Luxembourg's competitiveness: are we still in the race? Seizing the opportunities of global change

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The 17th Journée de l’Economie took place on 26 March 2024 at the Luxembourg Chamber of Commerce. In the presence of Lex Delles, Minister of the Economy, and with keynote speeches by Lionel Fontagné, Michele Cincera and Serge Allegrezza, an exceptional number of over 190 participants discussed the theme “Luxembourg's competitiveness: are we still in the race? Seizing the opportunities of global change ”. Two panel discussions enriched the programme and allowed the visitors to raise their questions.

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28/03/2024 |
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While last year’s edition of the Journée de l’Economie was much more focused on the geopolitical shifts and threats, notably in Taiwan and Ukraine and assessing the consequences on the global economy, this year’s dominating topics were related to Luxembourg’s current competitiveness, identifying the critical success factors from recent years and defining their role in shaping the Grand Duchy’s trajectory for the future. The discussion also endeavoured to explore innovation and emerging technologies in Luxembourg, investigating the country's role in shaping tomorrow's technological landscape while tackling the combined challenges of environmental and digital transformation.

The participants were welcomed by Serge Allegrezza, appointed Director of Luxembourg’s statistics bureau Statec in April 2003 and previously responsible for internal market policy and general economic policy at the Luxembourgish Ministry of the Economy and Foreign Trade. Mr Allegrezza underlined the Journée de L’Economie’s long history of 17 years and reminded the audience of the various topics that were previous main themes such as corporate social responsibility, pandemics and geopolitical challenges amongst others. Mr Allegrezza also stressed how, during the past three years, the competitiveness of Luxembourg was impacted by the pandemic, the energy crisis and the war in Ukraine.

The conference was opened by Carlo Thelen, Director General, Chamber of Commerce, who reminded those in attendance that Luxembourg has maintained a relatively high level of economic prosperity thus far, and that “the resilience capabilities of Luxembourg during the pandemic and the confirmation of the triple A rating in 2023 are very important elements of the country’s competitiveness”. However, Mr Thelen pointed out that this competitiveness has been deteriorating for several years with a significant drop over the last two years in business confidence across several sectors as reflected by the Chamber of Commerce’s latest Economic Barometer.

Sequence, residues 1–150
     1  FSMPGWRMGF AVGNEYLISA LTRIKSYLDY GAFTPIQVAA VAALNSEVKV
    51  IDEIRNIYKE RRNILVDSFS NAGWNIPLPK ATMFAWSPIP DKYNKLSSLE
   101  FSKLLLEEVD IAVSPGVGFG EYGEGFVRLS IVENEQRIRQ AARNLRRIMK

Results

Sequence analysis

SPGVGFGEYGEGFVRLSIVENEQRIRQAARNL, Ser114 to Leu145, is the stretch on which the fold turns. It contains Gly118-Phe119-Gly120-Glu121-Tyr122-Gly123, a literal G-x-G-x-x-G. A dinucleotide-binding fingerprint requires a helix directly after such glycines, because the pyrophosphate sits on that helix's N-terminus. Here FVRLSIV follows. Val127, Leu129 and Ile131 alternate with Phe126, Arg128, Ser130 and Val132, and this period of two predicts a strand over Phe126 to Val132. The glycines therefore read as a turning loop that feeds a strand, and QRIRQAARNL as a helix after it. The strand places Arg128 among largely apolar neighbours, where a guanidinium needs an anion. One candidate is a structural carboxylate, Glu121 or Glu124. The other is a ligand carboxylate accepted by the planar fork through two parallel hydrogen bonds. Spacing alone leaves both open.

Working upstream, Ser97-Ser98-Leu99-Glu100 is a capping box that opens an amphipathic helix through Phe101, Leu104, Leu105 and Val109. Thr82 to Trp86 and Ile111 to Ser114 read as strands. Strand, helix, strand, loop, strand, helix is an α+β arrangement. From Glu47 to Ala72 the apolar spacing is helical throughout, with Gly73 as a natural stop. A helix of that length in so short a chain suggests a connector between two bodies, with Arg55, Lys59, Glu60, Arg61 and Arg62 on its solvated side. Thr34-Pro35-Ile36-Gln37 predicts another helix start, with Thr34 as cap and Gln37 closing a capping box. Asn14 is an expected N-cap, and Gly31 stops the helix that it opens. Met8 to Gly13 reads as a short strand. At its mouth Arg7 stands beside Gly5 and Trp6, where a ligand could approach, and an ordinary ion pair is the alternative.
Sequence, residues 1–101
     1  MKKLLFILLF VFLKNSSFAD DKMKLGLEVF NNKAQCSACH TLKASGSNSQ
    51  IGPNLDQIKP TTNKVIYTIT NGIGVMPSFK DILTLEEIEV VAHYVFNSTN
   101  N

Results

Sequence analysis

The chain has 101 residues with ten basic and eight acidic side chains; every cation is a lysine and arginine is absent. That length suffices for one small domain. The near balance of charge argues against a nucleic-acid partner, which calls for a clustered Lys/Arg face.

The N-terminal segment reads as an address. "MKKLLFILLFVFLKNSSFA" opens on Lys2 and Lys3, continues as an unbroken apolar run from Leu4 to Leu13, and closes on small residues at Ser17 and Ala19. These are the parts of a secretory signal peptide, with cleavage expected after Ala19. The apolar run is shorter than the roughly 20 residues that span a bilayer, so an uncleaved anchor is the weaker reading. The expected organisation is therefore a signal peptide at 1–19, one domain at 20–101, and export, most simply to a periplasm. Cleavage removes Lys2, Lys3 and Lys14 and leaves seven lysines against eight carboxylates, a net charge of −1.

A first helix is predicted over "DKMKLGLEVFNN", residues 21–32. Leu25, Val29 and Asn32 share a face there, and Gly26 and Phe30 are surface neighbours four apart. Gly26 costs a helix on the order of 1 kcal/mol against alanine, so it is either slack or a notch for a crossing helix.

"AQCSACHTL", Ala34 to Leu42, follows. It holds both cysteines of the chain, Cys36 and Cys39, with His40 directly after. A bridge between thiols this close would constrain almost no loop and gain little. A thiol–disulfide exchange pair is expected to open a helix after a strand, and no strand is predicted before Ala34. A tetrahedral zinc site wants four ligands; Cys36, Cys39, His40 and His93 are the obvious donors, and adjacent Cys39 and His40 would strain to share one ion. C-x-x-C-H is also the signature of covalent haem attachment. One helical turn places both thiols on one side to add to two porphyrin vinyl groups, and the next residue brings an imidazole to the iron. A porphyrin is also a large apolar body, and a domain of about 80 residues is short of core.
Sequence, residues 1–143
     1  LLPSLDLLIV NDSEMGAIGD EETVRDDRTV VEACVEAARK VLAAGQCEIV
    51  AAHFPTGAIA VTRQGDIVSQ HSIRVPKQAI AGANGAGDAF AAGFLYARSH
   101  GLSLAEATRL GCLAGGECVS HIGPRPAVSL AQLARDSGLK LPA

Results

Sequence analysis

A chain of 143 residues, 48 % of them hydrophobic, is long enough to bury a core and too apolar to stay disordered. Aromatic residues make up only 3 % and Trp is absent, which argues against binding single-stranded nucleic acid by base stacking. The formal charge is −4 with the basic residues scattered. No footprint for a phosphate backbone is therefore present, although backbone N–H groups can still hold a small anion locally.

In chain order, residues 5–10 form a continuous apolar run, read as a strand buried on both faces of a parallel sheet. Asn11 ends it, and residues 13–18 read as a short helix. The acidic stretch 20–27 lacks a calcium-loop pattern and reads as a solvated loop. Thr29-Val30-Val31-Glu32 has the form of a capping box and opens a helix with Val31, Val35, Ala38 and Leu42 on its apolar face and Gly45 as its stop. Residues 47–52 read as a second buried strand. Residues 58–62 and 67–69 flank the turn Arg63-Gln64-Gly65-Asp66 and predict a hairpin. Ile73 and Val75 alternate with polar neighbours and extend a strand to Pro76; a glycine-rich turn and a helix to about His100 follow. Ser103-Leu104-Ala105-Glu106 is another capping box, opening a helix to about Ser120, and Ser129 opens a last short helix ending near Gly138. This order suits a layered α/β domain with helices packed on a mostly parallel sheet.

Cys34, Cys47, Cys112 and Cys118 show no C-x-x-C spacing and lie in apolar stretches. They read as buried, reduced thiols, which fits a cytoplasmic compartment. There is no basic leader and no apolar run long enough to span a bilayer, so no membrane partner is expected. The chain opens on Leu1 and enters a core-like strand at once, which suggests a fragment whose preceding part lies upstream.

Mr Thelen added: “In a fast-changing environment whereby national resources are scarce, the time has come to create a new and more resilient model,” based on a dynamic energy transition and further diversification. He emphasised two concerning points, namely, R&D intensity, with Luxembourg R&D spending representing less than 1% of GDP in 2022, below the European average of 2.2%, as well as the stagnation of labour productivity. Within this context, Mr Thelen reminded the audience that innovation, the promotion of entrepreneurial spirit, high quality in scientific and technological infrastructure and attraction of talents are all crucial for the country’s future. He concluded that it will take courage and vision to maintain and increase the competitiveness of our economy, a sentiment echoed throughout the day. 

Lex Delles, the Minister of Economy, spoke about the importance of competitiveness in his political agenda. He mentioned that productivity is the key element of Luxembourg's economic development and sustains the country's socio-economic model. Mr. Delles also highlighted the need for action in several areas, including R&D, innovation, digitalisation, skill retention, and the softening of the regulatory framework. The Ministry is actively working on measures to promote technological progress within companies. Mr Delles concluded that Luxembourg's competitiveness remains high despite a recent slight decline, with strengths including macroeconomic and political stability, a triple A rating, favourable business environment, and satisfactory regulatory framework. As for the points of improvement, Mr Delles mentioned the costs of labour, inflation, management practices or even the slow productivity growth.

Professor Lionel Fontagné of the University Paris I Panthéon-Sorbonne and the Paris School of Economics, spoke about the future of competitiveness and the energy transition. He highlighted the importance of considering the indicators that make up global rankings, such as the price of energy, and the challenge of collective action in discussing the energy transition between civil society and the government. Professor Fontagné also emphasised the heterogeneity of ambitions and instruments among countries that signed the Paris agreement on climate change, leading to distorted competition at the international level. He proposed the possible solution of an implicit price of carbon that would rely on a model, raising the question of which model should be considered for that purpose. His  insights were both thought-provoking and informative.